The National Weather Service has now extended the flash flood watches eastward to include Cookeville and Livingston. These flood watches run through Friday morning. Current radar shows that we have more rain developing to our south, moving north. The heaviest rain will fall west of Nashville with Harvey. Folks in Memphis are being asked to leave work early if they can, due to the potential for up to 8-10 inches or rain moving in on them this evening and overnight. Thankfully, we won’t see anything like that here.
I’ve circled an area in white, which is what we have to expect the rest of the afternoon and evening. So far, these storms have struggled to reach severe limits. The storms circled in red are what we have to watch out for later this evening and overnight. They would pose the greatest threat for wind damage. Notice all the tornado warnings around Memphis. That activity will stay in West TN.
Current watches and severe weather threat areas are shown below. A tornado watch has been issued for the yellow shaded counties until 8:00pm. We are right on the edge of the greatest tornado threat, so it needs to be watched closely.
Also, the Hurricane Center just identified Hurricane Irma in the eastern Atlantic. The storm has exploded from a weak tropical storm to a cat 2 hurricane. Rapid intensification is expected to continue and Irma is expected to become a major hurricane by this evening. She is no threat to land at this time, nor will she be for the next week or so. This is one of the fastest developing tropical systems many of us have ever seen. It’s definitely one to watch. Look at that eye!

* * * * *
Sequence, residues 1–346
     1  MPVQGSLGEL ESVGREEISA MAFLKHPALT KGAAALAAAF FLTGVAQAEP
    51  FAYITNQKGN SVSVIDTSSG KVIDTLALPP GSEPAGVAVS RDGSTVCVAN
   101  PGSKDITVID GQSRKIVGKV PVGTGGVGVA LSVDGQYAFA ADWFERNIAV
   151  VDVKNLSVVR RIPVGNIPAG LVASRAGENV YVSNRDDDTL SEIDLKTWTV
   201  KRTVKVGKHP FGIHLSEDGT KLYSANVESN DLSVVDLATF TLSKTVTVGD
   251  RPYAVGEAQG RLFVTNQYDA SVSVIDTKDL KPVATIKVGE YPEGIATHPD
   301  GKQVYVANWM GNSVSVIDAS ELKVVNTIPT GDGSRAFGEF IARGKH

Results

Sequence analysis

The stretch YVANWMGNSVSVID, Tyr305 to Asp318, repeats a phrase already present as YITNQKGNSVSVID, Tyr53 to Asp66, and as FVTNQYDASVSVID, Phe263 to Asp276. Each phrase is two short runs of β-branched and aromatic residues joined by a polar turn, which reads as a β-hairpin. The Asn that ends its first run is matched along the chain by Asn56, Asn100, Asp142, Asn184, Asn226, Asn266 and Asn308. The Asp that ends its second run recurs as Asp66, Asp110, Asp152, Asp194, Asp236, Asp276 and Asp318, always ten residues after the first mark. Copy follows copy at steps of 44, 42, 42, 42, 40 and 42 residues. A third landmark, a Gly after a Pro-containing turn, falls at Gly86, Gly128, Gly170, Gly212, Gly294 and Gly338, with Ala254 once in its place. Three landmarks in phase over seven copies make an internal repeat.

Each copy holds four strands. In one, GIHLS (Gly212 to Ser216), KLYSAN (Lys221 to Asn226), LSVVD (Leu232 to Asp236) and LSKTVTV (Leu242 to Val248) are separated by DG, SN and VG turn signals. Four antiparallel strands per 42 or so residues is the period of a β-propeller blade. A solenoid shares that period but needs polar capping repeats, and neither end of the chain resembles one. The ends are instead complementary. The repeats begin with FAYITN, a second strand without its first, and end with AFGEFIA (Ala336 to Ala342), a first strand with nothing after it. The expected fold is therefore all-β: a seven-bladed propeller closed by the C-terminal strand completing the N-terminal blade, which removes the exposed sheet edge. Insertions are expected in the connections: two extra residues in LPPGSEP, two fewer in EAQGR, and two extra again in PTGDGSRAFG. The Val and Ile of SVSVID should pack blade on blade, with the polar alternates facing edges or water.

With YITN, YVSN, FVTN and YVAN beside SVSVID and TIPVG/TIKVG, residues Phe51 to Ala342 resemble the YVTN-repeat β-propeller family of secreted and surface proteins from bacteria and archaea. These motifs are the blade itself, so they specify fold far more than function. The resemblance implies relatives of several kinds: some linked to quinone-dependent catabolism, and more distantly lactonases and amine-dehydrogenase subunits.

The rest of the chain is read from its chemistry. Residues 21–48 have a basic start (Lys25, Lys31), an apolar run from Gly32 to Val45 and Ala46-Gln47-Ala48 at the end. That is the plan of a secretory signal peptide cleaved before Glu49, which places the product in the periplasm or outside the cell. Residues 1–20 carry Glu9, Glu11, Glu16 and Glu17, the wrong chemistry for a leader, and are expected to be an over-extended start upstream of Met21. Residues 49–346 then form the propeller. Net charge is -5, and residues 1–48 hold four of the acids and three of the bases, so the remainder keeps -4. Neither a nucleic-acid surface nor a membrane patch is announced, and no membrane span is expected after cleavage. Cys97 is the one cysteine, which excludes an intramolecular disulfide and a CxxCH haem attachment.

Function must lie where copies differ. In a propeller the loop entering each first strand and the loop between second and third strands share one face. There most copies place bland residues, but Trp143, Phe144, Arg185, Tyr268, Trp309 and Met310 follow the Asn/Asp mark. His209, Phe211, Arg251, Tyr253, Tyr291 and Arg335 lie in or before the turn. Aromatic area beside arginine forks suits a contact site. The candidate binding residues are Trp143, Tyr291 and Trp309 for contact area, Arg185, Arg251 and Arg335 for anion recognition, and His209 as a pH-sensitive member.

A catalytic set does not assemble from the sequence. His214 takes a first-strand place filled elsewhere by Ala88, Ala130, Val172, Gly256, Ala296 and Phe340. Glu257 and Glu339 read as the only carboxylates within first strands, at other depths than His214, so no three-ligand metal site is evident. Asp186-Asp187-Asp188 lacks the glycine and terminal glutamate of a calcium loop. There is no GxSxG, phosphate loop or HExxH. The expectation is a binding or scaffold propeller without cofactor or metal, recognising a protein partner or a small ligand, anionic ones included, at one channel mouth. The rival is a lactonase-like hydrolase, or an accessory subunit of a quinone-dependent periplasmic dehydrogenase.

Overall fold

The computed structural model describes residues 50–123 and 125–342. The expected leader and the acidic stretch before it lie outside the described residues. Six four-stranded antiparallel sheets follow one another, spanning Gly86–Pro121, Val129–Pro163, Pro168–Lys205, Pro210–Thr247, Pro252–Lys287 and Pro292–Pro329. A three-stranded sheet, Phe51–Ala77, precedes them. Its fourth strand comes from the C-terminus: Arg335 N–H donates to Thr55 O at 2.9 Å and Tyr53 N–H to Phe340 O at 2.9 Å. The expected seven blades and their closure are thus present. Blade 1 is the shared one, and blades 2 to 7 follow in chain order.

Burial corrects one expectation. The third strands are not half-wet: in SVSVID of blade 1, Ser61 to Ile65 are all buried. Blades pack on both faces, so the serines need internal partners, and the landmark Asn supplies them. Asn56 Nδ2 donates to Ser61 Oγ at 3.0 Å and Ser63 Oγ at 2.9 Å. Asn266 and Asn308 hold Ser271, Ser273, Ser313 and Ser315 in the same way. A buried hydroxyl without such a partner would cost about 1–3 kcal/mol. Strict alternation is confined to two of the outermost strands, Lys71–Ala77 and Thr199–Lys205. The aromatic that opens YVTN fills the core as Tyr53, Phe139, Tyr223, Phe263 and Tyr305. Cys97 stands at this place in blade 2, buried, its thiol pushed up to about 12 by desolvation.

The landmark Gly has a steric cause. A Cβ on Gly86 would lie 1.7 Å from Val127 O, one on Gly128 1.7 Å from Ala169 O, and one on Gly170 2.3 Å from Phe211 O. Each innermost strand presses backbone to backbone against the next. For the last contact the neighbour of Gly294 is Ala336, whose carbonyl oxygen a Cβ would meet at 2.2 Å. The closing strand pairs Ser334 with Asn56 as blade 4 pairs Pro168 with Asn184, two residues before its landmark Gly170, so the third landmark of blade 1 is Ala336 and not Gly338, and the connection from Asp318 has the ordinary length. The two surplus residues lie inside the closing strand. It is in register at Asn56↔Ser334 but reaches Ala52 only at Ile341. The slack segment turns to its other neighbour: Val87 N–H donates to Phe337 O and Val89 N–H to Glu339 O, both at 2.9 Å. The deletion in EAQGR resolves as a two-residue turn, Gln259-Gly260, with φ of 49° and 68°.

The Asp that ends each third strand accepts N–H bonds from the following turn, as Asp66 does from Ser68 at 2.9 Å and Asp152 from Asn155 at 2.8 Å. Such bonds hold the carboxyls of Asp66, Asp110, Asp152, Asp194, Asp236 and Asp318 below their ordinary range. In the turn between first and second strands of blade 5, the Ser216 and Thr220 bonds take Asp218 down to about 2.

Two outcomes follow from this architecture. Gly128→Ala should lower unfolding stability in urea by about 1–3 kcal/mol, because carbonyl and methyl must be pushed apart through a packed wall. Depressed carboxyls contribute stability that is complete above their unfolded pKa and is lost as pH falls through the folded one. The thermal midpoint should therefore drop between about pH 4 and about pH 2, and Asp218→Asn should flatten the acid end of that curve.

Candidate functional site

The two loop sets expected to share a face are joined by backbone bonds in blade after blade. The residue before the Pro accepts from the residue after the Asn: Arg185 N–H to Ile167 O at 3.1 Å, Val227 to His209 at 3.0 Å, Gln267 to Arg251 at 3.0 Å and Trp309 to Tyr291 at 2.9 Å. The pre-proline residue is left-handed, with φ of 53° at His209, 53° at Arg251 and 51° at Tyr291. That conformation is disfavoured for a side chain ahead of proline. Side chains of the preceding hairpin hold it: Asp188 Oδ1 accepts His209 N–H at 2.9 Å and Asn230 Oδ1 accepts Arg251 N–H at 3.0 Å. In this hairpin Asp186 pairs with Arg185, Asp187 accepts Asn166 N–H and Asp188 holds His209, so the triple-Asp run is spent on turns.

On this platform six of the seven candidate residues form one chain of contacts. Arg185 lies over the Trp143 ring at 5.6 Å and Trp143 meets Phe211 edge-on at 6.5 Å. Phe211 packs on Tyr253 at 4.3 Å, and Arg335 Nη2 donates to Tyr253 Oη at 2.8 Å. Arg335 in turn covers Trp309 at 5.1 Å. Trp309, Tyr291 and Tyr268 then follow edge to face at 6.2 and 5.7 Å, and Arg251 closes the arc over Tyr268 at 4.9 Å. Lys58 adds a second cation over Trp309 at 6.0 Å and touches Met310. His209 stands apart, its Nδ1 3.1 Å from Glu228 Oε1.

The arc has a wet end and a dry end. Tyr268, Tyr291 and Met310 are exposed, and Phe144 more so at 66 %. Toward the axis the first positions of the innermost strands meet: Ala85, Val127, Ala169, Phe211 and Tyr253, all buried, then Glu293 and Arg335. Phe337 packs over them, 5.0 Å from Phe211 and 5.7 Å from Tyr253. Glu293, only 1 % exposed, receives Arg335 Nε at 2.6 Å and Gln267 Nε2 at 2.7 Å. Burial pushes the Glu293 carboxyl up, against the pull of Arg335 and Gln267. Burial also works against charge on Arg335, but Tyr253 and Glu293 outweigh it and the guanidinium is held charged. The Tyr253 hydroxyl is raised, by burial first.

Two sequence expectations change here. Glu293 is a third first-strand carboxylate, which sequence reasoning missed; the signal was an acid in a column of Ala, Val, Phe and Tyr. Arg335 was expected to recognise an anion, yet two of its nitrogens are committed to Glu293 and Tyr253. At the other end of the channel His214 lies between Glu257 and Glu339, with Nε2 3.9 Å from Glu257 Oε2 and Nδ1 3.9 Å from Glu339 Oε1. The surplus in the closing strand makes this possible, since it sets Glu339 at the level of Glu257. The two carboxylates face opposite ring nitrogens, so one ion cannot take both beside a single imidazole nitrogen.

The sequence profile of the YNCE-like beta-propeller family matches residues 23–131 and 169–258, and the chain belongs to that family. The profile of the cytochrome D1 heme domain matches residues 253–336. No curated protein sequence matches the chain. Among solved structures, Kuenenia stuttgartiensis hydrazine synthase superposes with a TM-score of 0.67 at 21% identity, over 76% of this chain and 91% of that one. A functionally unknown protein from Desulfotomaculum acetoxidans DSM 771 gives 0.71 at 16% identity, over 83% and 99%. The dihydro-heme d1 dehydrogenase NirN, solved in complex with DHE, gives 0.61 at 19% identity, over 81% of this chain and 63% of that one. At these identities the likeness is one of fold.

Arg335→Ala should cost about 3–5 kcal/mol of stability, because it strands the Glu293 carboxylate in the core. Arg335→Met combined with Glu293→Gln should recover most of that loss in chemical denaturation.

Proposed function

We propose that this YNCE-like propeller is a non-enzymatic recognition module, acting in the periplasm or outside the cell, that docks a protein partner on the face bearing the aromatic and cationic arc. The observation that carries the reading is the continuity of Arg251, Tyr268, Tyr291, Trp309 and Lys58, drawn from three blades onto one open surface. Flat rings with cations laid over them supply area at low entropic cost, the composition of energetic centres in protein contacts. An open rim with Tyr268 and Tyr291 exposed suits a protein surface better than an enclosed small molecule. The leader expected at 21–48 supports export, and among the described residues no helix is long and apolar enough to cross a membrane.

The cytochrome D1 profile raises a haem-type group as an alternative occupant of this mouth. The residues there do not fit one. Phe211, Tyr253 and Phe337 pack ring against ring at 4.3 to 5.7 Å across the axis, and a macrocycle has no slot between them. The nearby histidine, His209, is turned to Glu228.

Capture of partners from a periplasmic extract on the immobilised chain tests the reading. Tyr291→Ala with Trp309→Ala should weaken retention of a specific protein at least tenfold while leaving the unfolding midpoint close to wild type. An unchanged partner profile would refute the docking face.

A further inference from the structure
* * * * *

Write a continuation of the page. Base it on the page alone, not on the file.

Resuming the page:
As of this morning, Tropical Depression Harvey is centered over northern Louisiana and slowly moving north-northeast. On this track, the remnants of Harvey will be near Nashville by Friday morning. As we go through today, expect showers and isolated t-storms to develop. Winds will also begin picking up. By tonight, we should be seeing sustained winds of 15-20 mph, with gusts to around 30-40 mph. There remains a tornado threat, though it is quite low. The best chance for severe weather will be just to our southwest, over southern Middle TN, but that’s too close for comfort. I’ll keep an eye on it. Yesterday, it looked like the tornado threat would be the highest this afternoon, but it now looks like that threat will remain elevated from this afternoon through the overnight and into Friday morning. Everything begins to really wind down by Friday night. Expect lingering showers through the first half of the day Saturday, followed by a pleasant evening. I can’t imagine how crowded the Fair will be Saturday night, especially since the weather will be so much better by then.
Sunday and Monday look nice. If you have any outdoor plans for the Labor Day weekend, I’d save them for Sunday and Monday. Highs each day will be in the 70s, with overnight lows in the low to mid 50s. Might not be a bad idea to get in one last camping trip before summer unofficially ends?
By Tuesday of next week a strong cold front moves in and may bring some storms. But the big headline with this front is the colder air behind it. We will likely see overnight lows next week drop into the 40s! Daytime highs by Wednesday and Thursday will likely stay in the 60s.